This article was first published on Chainlink
Hybrid smart contracts combine code running on the blockchain (on-chain) with data and computation from outside the blockchain (off-chain) provided by Decentralized Oracle Networks. Hybrid smart contracts enable advanced forms of economic and social coordination that have the tamper-proof and immutable properties of blockchains yet leverage secure off-chain oracle services to attain new capabilities, such as scalability, confidentiality, order fairness, and connectivity to any real-world data source or system.
In the following article, we define the role that hybrid smart contracts play within emerging blockchain-based trust models and showcase the many decentralized services that Chainlink oracles provide to extend their capabilities. We then explain how this ultimately opens up a new generation of hybrid blockchain-based applications that have the required real-world properties needed to improve how society collaborates across nearly every major industry in the future.
How Oracles Extend Blockchain-Based Collaboration
At their core, blockchains are computing infrastructure designed to facilitate one key function: highly trustworthy collaboration. Trust is what gives participants a firm belief in the reliability, truth, ability, or strength of the collaboration. The most common way to establish trust in a collaborative process is a contract, which defines the legal and business obligations of each participant and the penalties/rewards of their actions. Unfortunately, the enforcement mechanism of contract obligations is far from perfect today, particularly when one participant has an asymmetrical advantage like unfair influence over the enforcement infrastructure, a more clear understanding of the fine print, or the time and capital to prolong the arbitration process. This has resulted in a contract system where belief in a counterparty’s brand becomes central to determining their trustworthiness.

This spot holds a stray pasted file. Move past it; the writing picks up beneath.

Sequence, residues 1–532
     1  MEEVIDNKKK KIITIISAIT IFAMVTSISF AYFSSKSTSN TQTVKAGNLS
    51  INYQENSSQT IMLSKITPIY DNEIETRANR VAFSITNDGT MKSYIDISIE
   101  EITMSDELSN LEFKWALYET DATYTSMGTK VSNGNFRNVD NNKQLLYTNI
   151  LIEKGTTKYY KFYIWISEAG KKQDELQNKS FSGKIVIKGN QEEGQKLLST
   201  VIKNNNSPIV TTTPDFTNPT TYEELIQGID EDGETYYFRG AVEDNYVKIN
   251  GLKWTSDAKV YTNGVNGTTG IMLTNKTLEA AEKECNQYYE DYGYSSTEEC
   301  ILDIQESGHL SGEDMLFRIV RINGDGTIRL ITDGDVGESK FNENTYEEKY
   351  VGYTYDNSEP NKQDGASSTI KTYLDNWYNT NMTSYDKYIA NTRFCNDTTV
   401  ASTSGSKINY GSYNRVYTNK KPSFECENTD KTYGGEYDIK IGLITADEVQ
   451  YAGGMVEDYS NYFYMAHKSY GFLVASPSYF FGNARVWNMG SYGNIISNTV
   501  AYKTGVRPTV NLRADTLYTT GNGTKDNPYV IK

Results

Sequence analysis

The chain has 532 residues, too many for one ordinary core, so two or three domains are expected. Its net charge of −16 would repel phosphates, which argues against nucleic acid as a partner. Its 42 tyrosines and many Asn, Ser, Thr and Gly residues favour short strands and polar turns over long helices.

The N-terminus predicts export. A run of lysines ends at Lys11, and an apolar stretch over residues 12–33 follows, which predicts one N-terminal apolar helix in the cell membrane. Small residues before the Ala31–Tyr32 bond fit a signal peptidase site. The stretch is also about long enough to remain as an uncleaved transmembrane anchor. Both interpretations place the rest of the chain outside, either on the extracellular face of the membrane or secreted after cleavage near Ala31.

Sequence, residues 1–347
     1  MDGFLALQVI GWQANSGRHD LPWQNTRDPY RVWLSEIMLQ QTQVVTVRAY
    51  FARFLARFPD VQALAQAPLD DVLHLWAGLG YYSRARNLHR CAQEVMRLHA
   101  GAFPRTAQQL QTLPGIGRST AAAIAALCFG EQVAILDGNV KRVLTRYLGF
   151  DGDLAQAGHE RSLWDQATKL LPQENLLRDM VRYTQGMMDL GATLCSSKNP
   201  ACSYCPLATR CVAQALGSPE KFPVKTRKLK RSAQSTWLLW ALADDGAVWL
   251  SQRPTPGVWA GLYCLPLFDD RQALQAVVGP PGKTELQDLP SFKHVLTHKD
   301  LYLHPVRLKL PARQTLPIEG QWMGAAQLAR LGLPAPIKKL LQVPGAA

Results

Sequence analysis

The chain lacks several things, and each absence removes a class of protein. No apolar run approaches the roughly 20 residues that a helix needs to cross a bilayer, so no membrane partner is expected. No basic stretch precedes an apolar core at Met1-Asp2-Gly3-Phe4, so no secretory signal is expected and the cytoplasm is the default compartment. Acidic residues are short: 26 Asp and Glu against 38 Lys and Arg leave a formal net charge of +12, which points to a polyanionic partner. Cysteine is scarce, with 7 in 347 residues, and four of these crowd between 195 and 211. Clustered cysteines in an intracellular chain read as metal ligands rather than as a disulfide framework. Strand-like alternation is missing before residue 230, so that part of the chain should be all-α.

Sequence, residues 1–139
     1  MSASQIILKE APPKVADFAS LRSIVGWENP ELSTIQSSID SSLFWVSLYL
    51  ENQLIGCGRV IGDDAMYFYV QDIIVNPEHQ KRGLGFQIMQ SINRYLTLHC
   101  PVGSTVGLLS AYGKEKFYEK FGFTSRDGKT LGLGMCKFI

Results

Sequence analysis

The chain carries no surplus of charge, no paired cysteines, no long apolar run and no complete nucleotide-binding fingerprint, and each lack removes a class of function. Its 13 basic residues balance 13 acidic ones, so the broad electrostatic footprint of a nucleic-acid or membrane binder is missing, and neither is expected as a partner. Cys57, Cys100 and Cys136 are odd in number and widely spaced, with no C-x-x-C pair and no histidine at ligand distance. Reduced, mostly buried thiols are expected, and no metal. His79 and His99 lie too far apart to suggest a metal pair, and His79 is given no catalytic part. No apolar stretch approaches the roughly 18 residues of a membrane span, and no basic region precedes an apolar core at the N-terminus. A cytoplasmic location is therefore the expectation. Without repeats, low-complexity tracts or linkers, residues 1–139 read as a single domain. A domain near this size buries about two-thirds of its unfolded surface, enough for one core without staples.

Blockchains are a collaboration-enabling technology that replace brand-based trust with math-based trust by shifting the hosting, execution, enforcement, and custody mechanisms of a contract to software logic run across a decentralized ...
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